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React Stopwatch

Photo by MK Hamilton on Unsplash

This week I went back to basics to touch upon using hooks by building a stopwatch with react. I think this is a nice little project that can be tackled down in just a few hours and it is a good way to practice React hooks. With this stopwatch, you can start the time stop the time and reset. Let’s get started and look at the code.

We are going to remove all of the files in the src folder except for App.css, App.js and index.js and remove all the imports. We will be using the state and effect hooks. This is what our initial component will look like.

Great so now we have to display our time. We are going to start by displaying the milliseconds. Let’s start by building our useEffect. First our interval will be defined and if start is true the timer will start, otherwise we will clear interval. In useEffect’s second argument we are going to pass in an array with start. This means that our effect will run when start state changes. We will also add a return statement for cleanup. Finally we will have a button that will start the time once it is clicked. This is what that will look like.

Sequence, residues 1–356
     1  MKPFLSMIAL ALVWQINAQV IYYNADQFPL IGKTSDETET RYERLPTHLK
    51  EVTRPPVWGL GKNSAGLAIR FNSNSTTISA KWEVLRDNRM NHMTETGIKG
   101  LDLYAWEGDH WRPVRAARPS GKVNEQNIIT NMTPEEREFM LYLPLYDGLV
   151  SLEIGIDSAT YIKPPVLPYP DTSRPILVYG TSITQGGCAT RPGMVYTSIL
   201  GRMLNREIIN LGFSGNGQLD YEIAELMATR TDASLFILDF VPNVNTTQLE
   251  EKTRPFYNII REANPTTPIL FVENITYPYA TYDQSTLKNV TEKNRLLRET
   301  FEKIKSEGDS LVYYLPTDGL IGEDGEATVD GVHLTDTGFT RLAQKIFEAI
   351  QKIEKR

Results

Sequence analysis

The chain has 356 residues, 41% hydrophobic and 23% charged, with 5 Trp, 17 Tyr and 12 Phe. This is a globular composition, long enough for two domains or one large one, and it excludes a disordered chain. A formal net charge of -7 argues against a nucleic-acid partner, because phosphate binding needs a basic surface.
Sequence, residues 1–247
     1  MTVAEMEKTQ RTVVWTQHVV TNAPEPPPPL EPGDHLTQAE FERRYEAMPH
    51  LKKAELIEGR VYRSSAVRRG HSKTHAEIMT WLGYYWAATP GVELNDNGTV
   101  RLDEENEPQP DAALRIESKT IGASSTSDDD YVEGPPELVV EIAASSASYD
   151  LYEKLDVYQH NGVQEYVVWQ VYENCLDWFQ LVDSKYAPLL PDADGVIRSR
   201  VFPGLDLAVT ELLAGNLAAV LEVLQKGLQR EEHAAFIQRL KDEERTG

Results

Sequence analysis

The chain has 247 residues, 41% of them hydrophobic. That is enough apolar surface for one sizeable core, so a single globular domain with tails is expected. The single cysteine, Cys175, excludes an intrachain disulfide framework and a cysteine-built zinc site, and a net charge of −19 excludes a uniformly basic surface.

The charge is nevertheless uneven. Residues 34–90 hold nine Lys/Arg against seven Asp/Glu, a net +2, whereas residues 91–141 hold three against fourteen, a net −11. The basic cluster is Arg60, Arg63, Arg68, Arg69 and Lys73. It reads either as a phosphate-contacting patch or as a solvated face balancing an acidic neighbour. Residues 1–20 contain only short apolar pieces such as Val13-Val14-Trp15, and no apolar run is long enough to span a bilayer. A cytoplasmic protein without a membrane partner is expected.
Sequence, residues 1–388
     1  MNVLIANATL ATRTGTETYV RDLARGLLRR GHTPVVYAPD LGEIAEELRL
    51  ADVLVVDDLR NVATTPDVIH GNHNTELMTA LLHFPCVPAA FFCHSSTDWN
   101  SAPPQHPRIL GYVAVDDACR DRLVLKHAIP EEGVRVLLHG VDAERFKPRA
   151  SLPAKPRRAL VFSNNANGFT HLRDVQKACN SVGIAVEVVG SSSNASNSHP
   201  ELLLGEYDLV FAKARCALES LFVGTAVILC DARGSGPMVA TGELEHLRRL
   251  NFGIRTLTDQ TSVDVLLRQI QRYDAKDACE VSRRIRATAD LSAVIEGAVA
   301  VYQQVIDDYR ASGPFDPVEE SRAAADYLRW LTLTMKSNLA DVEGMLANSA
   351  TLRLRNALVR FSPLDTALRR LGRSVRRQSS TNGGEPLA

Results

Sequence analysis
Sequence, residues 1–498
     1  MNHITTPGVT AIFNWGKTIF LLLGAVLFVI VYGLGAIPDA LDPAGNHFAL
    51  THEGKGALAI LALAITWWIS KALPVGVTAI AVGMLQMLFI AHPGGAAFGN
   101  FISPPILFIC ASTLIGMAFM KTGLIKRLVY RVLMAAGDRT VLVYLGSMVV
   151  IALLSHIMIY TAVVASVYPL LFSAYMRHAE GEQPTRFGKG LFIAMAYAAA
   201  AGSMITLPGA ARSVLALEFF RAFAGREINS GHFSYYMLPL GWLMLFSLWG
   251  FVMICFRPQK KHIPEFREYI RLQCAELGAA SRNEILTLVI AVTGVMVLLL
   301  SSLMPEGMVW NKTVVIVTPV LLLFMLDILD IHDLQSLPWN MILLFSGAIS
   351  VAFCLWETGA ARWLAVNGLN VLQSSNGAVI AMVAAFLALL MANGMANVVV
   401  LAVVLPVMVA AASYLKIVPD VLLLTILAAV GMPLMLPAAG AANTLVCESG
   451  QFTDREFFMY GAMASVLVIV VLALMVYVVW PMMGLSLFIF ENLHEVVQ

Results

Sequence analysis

Now our time will start counting up. As of now there is no way to stop or reset the stopwatch. We also need to format what is displayed so that the number’s look correctly. There is a nice trick to doing this. First we will divide the time by 10 because that is the value of a millisecond then modulo 1000. Now we will append this to a zero so that when the time starts there will be a zero already instead of just one digit. Finally we will slice and pass in a parameter of -2 so that when the number becomes two digits the zero will be removed. This is what that will look like.

Now the number displayed will make more sense. Finally what we need to do is show the seconds, minutes and create the stop and reset buttons. Creating the minutes and seconds is really similar to what we did with the milliseconds. We can copy and paste and make some changes. Instead of using module by 1000 we will do it by 60. Another thing we will have to do is round the numbers down since the decimal numbers will be displayed if we leave it as is. The buttons are also really similar to the one that we have already. For example we will set the start state to false in the stop button. For the reset button we will set the time to 0 and also set start to false. This is what our finished stopwatch will look like.

This is a nice way to practice some fundamentals like hooks. These same techniques can be used to create other similar projects like a timer or clock. It was super fun building this and it didn’t take that long to do. Hope you have as much fun as I did. Happy coding! 😎

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Ray Alva

Ray Alva

Software engineer with a passion for building applications. I love nature, gaming, cooking and of course coding!

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